Pentagon Grants Military Service Members 3 Weeks of Leave for Abortion-Related Travel
Service members “do not control where they are stationed,” and some of the largest military installations are in states where abortion is severely restricted.AbortionPolitics
Starting March 18, the Pentagon will offer service members three weeks of administrative leave for abortion-related travel—either to obtain abortion care themselves or to accompany partners or dependent family members. “The efforts taken by the Department will not only ensure that service members and their families are afforded time and flexibility to make private health care decisions, but will also ensure service members are able to access non-covered reproductive health care regardless of where they are stationed,” the Department of Defense announced in a press release Thursday.
As the DoD notes, states where abortion is most severely restricted post-Roe v. Wade happen to contain some of the largest military installations in the nation. Among these states are Texas and Oklahoma, where abortion is almost totally banned. The department notes that service members “do not control where they are stationed, and due to the nature of military service, are frequently required to travel or move to meet operational requirements.”
“Non-covered reproductive health care” includes abortion services for pregnancies that weren’t caused by rape or incest and don’t threaten the life of the pregnant person. Per the Hyde Amendment, a 1976 budget rider, federal funding is prohibited from covering the costs of abortion unless it’s sought under those circumstances. Nonetheless, the DoD’s announcement specified that service members forced to travel out of state for non-covered abortion services can still receive travel and transportation allowances.
The updated policy also notably includes leave for IVF and other fertility treatments—an especially important step as IVF becomes increasingly contentious post-Roe. Numerous states have already imposed abortion bans that include “life begins at conception” language as well as protections for embryos—some IVF providers, experts, and patients fear this language could jeopardize the fertility treatment, which involves routine disposal of embryos. In June, the Wall Street Journal reported that some patients undergoing IVF in states where abortion would soon be banned had asked their providers to move their embryos to states where abortion is protected. All of this could prompt more out-of-state travel for IVF, which will inevitably impact service members.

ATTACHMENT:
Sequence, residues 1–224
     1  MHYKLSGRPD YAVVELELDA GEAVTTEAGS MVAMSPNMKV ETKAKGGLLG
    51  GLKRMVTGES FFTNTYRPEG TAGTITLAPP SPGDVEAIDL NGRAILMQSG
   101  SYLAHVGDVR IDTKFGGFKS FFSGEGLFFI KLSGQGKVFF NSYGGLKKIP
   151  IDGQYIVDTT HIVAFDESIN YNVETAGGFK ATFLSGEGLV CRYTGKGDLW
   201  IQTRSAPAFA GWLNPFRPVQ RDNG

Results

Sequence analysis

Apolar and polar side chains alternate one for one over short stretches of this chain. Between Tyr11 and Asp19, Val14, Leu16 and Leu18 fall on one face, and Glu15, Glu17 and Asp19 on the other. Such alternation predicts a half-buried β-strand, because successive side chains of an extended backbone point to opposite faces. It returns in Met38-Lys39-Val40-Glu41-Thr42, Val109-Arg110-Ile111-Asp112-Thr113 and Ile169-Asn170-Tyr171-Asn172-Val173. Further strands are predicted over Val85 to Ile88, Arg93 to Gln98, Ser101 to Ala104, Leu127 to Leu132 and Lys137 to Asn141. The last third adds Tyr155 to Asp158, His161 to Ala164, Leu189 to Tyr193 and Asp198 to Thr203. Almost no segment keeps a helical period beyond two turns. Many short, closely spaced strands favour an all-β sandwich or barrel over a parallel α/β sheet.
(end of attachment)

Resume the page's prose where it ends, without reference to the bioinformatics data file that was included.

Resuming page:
Whether a person is seeking abortion or a less politicized type of cares, commanders have been instructed “to display objectivity, compassion, and discretion when addressing all health care matters, including reproductive health care matters.”
It’s encouraging to see vital protections for military personnel’s reproductive rights—even as, more ideally, no one would have to leave their state for reproductive care at all. In contrast, some states are taking steps to crack down on abortion-related travel: Earlier this month, Idaho introduced a bill to ban minors from traveling out-of-state for abortion without parental consent. Last summer, Senate Republicans blocked a bill to protect the right to travel out-of-state for abortion services, effectively advocating for people to be forced to live under their state’s abortion ban.
In December, Sen. Patty Murray (D-WA) introduced the Reproductive Health Travel Act to create a $350 million fund to cover travel-related costs of abortion for people in impacted states. But the bill remains stalled by Republican Senators, and in the absence of legislation like this, too many Americans are left behind.